Although the number of cases of dissolution may be small, each adoptive family that faces separation is met with many challenges that will have a lasting impact for everyone involved – especially the child. So, how can one avoid adoption dissolution? Education is key. It is vital that every prospective adoptive parent is well-informed of the child they are interested in making a part of their forever family. Remember, you can never have too much information. Entering into an adoption openly with all knowledge of the child’s background will make a world of difference in the long run. Knowing the child will be the right fit within your family will contribute to his well-being and yours alike.

The truth is while the child in your care legally belongs to you and is now a part of your loving family, there is an entire back story and previous life that he has experienced. Since he is no longer living with his biological parents, there is some mending within him that needs to take place. Like in any family there will be trying times, so it would benefit every parent to be aware of, and utilize, the support systems in their community. Your personal recipe for adoption success will involve knowledge, patience, caring and the ability to know when to seek assistance. If you blend all of these ingredients together successfully, you will have a greater chance at maintaining a forever home and moving your new family forward on that new and fulfilling journey you have always envisioned.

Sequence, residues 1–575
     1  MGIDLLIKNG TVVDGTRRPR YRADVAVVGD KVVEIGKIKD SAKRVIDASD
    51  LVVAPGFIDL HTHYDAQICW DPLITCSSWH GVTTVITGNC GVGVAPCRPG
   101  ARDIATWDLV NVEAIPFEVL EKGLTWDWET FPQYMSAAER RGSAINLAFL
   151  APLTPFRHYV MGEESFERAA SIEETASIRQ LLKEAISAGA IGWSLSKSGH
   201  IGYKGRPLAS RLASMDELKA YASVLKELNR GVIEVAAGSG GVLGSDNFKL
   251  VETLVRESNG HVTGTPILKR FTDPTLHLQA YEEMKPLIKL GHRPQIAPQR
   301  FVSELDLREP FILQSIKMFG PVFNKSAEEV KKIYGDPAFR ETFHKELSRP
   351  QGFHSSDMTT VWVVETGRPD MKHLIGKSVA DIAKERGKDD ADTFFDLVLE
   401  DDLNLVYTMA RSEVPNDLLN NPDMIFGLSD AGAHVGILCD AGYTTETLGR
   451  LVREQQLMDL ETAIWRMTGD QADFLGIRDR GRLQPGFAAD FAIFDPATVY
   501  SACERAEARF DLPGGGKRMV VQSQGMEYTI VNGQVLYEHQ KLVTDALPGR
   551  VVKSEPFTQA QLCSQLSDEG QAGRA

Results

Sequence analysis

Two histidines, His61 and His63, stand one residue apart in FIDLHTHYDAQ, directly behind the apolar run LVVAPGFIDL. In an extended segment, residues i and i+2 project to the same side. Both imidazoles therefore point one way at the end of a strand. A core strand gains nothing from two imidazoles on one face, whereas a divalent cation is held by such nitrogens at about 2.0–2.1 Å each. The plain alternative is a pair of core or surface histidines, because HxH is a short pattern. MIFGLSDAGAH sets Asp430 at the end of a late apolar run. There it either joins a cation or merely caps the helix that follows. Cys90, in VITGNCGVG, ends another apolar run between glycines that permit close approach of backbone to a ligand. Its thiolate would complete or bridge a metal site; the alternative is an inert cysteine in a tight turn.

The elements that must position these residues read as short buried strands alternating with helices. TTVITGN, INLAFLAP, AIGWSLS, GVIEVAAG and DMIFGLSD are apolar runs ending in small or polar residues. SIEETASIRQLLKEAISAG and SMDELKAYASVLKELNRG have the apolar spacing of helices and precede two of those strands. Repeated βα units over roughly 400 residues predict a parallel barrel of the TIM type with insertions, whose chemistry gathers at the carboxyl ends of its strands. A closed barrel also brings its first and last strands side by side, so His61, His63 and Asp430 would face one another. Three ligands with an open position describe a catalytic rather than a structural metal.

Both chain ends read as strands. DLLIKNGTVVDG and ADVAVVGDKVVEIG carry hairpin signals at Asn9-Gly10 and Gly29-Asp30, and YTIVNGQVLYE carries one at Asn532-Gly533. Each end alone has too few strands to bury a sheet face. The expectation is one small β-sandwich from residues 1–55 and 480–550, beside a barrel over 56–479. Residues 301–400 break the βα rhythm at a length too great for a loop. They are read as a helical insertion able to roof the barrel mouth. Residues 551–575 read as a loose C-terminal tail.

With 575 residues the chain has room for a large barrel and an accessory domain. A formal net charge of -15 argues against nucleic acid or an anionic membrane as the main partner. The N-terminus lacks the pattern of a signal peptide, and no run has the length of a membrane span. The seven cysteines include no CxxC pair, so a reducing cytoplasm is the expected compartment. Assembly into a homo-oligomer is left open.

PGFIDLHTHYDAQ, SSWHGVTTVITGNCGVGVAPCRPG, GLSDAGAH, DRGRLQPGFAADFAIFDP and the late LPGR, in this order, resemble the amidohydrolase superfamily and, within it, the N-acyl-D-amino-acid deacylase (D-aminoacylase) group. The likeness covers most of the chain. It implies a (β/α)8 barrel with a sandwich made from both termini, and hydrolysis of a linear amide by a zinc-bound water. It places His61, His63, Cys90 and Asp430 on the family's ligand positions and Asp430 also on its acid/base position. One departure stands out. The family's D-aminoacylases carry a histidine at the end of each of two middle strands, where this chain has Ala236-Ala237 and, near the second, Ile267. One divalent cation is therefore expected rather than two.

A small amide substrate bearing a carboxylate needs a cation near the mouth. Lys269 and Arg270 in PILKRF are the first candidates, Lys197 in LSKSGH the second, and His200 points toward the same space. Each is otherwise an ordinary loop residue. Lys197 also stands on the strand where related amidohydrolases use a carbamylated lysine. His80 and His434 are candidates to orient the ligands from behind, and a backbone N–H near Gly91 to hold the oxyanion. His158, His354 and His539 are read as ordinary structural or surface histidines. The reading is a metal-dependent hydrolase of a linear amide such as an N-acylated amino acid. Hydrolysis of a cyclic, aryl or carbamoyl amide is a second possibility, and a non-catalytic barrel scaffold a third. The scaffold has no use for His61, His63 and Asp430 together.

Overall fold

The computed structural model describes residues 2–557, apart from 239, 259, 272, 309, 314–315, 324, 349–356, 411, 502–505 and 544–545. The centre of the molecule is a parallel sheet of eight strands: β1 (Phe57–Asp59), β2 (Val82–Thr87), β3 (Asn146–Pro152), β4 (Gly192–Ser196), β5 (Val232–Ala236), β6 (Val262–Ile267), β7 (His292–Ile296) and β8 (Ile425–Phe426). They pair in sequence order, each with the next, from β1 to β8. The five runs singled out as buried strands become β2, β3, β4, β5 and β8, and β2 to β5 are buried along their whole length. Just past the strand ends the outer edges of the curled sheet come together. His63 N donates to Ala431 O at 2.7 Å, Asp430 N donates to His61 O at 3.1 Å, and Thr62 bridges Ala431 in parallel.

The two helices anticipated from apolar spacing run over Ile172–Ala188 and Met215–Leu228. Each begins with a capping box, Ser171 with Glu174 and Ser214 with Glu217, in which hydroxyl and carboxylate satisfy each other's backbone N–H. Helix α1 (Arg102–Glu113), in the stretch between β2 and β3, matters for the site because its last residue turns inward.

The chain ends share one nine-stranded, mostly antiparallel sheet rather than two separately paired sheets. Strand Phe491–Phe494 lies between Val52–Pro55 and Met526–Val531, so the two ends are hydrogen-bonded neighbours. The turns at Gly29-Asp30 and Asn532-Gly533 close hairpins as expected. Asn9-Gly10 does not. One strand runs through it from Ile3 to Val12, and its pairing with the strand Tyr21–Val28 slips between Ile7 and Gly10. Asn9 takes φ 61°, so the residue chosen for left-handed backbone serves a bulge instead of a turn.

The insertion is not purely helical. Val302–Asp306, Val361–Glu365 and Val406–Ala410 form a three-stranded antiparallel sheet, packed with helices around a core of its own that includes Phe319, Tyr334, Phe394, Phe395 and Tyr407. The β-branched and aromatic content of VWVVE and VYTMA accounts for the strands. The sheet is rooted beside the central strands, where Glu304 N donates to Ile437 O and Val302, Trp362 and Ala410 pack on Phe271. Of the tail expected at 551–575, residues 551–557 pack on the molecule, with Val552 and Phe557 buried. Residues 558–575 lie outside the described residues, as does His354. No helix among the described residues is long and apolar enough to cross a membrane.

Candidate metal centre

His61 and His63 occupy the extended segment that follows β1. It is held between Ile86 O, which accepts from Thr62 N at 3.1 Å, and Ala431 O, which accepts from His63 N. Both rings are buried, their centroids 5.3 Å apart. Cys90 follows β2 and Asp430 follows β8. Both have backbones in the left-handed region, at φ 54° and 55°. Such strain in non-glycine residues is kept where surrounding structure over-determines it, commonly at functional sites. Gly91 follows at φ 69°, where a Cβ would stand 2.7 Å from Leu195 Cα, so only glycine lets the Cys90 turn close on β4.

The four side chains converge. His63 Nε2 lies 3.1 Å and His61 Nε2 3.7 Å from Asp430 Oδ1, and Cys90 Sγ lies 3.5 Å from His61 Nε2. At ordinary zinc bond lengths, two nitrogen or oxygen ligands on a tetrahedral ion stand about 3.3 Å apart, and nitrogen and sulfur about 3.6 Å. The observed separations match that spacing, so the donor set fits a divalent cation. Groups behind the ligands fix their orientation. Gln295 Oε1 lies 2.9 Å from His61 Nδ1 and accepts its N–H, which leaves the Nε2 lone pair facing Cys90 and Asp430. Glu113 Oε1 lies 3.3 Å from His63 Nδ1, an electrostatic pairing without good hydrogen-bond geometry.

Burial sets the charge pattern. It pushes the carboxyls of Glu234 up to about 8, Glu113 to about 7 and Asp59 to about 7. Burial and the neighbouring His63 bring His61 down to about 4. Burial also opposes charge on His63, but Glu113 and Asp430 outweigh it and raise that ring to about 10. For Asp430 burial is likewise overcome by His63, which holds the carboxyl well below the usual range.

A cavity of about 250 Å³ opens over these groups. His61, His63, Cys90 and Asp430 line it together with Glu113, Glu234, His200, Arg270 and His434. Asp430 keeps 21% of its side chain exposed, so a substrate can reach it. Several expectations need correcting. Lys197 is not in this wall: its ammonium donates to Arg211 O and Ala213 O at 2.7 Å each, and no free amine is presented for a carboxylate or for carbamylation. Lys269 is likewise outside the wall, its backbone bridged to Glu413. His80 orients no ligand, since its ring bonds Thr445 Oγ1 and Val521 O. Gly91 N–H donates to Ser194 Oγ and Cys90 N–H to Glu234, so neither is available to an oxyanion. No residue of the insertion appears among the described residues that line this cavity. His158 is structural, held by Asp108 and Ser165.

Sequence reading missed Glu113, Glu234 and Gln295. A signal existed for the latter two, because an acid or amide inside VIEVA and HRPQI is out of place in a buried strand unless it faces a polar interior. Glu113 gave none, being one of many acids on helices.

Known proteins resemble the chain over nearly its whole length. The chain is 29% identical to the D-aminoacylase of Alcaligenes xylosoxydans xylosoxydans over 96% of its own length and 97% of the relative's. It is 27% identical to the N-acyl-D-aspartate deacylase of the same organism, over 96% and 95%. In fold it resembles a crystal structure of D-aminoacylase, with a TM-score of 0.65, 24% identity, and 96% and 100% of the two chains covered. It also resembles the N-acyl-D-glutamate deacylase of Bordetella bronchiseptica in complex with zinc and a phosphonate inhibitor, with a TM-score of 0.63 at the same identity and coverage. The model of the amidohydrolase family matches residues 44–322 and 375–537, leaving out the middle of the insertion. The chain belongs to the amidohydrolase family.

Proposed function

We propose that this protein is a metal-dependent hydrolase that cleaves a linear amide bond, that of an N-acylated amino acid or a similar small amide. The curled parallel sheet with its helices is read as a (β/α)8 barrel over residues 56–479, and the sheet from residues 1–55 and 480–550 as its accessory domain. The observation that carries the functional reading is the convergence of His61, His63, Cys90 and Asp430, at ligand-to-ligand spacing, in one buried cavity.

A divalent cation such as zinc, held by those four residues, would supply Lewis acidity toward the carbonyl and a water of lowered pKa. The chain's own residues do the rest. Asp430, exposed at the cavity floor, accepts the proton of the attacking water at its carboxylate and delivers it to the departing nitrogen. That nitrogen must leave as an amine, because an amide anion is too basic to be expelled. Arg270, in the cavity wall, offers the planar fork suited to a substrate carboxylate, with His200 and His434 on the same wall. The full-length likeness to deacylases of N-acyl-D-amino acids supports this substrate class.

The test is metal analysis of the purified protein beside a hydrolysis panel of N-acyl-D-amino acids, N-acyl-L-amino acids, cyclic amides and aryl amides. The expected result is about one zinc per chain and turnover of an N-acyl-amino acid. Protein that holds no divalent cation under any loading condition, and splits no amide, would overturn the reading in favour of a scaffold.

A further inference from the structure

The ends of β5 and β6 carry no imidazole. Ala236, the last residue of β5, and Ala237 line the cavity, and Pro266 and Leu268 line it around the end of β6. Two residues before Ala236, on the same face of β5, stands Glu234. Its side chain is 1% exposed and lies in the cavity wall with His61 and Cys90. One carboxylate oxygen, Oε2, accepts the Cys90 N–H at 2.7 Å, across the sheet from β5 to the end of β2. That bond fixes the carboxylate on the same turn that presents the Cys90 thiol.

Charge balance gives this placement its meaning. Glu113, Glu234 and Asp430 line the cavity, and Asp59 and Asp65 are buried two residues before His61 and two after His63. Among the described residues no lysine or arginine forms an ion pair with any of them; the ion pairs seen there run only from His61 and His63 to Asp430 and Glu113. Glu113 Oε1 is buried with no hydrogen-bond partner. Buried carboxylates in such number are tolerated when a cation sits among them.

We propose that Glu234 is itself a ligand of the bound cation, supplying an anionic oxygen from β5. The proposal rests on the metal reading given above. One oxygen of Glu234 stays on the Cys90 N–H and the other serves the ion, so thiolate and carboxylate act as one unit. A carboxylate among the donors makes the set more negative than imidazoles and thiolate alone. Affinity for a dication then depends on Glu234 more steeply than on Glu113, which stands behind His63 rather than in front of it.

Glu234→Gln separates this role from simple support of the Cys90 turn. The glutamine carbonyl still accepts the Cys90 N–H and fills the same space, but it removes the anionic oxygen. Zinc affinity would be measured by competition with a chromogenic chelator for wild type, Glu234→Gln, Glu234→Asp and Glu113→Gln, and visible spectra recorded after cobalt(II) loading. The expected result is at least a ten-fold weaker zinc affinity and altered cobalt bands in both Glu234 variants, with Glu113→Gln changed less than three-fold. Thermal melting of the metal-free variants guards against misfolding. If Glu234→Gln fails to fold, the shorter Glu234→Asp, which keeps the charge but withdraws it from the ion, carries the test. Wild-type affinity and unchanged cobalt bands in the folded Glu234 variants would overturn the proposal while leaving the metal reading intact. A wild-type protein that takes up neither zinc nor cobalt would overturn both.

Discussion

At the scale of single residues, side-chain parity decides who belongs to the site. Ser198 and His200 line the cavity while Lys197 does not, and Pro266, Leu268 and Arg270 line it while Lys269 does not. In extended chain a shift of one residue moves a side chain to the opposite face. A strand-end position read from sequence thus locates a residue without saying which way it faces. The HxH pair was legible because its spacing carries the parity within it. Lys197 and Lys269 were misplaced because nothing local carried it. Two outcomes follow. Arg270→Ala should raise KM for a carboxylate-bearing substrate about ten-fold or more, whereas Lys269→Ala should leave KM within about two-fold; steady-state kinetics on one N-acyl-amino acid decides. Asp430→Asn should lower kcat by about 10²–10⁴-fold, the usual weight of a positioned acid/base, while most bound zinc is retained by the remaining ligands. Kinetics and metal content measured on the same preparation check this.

18 thoughts on “When a Forever Home Isn’t Forever: The Reality of Adoption Dissolution

  1. My wife and I adopted 2 mentally challenged sons in I think 73 and 76. It has been hard raising one because even though he is 39 years old his mentality is that of a 5 year old from brain damage as a baby. But I love him and my older adopted son like they were born to us. Now that my wife is gone I raise them alone. But they are both my sons and will be forever.

  2. In your article you write the 98% of NJ DCP & P Adoptions receive subsidies. I believe that number to be far lower than you write. It seems to me (and the people I talk with in NJ DCP & P) if your adopted child is white with no disabilities you get no subsidies as in our case. The subsidies go to minority placements, sibling placements of minorities and children with disabilities or problems. I have many friends who adopted thru DCP&S and DYFS and they adopted Caucasian children with no disabilities and were all told like us that we were not entitled to subsidies because ANYONE would have taken our placement, the ONLY give subsidies to minorities or children with some sort of disability. Thanks,\